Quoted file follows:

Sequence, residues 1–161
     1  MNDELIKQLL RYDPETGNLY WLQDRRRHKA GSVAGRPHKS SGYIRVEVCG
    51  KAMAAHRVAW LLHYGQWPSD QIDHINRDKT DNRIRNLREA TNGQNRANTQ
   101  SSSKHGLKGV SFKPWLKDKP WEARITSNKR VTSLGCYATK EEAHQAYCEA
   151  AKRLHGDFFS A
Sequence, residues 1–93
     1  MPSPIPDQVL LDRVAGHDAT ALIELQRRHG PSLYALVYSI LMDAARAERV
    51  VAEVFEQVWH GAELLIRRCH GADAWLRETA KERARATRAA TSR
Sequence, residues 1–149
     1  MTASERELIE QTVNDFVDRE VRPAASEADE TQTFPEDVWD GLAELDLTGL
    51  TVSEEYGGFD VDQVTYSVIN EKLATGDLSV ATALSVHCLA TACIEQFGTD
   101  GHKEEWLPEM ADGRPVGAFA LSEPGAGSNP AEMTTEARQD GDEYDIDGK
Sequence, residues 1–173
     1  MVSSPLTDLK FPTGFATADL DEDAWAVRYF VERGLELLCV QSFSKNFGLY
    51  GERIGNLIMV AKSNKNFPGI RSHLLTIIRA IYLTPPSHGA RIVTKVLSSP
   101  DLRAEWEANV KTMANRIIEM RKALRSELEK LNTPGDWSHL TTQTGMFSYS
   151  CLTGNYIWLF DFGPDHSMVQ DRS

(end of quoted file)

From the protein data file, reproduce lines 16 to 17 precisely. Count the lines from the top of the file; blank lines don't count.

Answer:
   101  DLRAEWEANV KTMANRIIEM RKALRSELEK LNTPGDWSHL TTQTGMFSYS
   151  CLTGNYIWLF DFGPDHSMVQ DRS